How to Check Phone Temperature on Android

Overheating phones is a common issue that can lead to poor performance, battery drain, and even permanent damage.

Thankfully, monitoring and controlling your Android phone’s temperature is easy with the right tools.

In this compete guide, we’ll cover everything you need to know about checking and regulating your phone’s temperature on Android.

Why You Should Monitor Your Phone’s Temperature

Extreme heat can cause multiple problems with your Android device:

  • Throttled performance – To prevent overheating, your phone may throttle the CPU and GPU speeds. This leads to lag, freezes, and slower app loading times.
  • Battery drain – Heat puts strain on the battery components, shortening its lifespan and causing faster power drain.
  • App crashes – Excess heat can force apps to close and prevent smooth operation. Games and video streaming apps are especially susceptible.
  • Hardware damage – High temperatures degrade silicon chips over time. The processor, RAM, and internal storage are most at risk of permanent failure.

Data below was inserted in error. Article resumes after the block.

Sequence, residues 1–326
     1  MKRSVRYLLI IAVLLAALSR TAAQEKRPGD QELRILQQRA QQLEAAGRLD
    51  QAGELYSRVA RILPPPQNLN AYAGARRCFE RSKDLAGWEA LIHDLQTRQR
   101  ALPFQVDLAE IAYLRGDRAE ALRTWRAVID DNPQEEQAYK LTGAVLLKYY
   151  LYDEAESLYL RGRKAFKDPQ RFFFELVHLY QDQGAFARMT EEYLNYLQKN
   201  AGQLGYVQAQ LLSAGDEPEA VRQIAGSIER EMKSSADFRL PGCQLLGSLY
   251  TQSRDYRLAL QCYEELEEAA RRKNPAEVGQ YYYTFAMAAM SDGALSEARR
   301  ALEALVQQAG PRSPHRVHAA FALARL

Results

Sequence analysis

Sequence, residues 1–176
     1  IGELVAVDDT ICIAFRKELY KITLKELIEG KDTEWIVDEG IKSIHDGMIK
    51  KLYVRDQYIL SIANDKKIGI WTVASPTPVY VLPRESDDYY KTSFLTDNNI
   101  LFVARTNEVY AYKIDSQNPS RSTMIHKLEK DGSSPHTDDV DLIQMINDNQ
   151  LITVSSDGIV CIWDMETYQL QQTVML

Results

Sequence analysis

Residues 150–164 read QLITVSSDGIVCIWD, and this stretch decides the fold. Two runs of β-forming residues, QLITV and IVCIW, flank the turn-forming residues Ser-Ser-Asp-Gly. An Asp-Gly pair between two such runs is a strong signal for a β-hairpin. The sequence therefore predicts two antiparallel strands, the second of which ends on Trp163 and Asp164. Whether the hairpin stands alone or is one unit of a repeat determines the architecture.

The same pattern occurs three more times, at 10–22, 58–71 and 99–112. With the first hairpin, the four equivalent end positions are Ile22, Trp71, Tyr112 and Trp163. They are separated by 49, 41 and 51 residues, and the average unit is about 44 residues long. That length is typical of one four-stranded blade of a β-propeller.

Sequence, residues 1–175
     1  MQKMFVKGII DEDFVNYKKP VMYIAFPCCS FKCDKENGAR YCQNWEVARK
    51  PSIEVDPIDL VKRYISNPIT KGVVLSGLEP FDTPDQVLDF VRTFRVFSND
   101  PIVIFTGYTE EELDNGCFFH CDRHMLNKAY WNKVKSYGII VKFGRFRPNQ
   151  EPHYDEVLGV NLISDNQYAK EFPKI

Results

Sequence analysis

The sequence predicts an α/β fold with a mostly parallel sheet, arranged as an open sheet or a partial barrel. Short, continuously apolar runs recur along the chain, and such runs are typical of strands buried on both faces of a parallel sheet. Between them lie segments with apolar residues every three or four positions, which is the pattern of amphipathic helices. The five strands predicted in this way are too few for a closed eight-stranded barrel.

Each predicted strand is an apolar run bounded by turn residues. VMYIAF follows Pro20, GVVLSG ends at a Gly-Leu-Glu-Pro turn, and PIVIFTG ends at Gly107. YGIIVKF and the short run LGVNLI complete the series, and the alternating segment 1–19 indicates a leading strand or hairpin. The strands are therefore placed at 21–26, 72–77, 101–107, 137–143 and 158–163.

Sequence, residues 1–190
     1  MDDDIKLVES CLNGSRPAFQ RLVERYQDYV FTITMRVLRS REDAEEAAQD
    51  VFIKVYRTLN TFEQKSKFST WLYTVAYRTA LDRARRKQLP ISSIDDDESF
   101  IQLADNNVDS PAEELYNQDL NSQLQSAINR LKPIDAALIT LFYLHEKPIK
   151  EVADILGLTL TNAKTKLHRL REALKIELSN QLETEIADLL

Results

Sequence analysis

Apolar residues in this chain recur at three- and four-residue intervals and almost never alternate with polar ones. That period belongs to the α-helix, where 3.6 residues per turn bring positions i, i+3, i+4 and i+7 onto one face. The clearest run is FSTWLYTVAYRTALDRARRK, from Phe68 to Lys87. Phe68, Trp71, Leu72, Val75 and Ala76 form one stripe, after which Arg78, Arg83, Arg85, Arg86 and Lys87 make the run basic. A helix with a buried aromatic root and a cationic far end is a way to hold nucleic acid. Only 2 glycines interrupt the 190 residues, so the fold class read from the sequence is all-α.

By monitoring and controlling the internal temperature, you can avoid all these issues and extend your phone’s life.

Most Android devices start exhibiting problems at around 40°C/104°F and above.

Checking Temperature on Android

Android provides several ways to instantly check the live temperature of your device.

Let’s go through each method.

Using a Temperature Monitoring App

Specialized apps offer the easiest and most convenient way to check CPU and battery temperature on Android.

They display readings in both Celsius and Fahrenheit.

Some popular options include:

  • CPU Temperature – Lightweight app with temperature displayed directly on the status bar.
  • AIDA64 – Advanced diagnostics suite that shows CPU, GPU, battery, and other component temperatures.
  • Thermometer – Simple thermometer app for ambient, CPU, GPU, and battery temperature.

We recommend CPU Temperature for a quick overview and AIDA64 for maximum detail.

Both are free on the Google Play Store.

To use these apps:

  1. Download and install the temperature monitoring app of your choice.
  2. Open the app and check the current CPU temperature.
  3. For more details, consult the battery and individual component temperatures.
  4. Refer to the temperature periodically, especially when experiencing overheating issues or lag.
  5. Look for spikes over 40°C/104°F when under load.
  6. This may indicate cooling or software issues.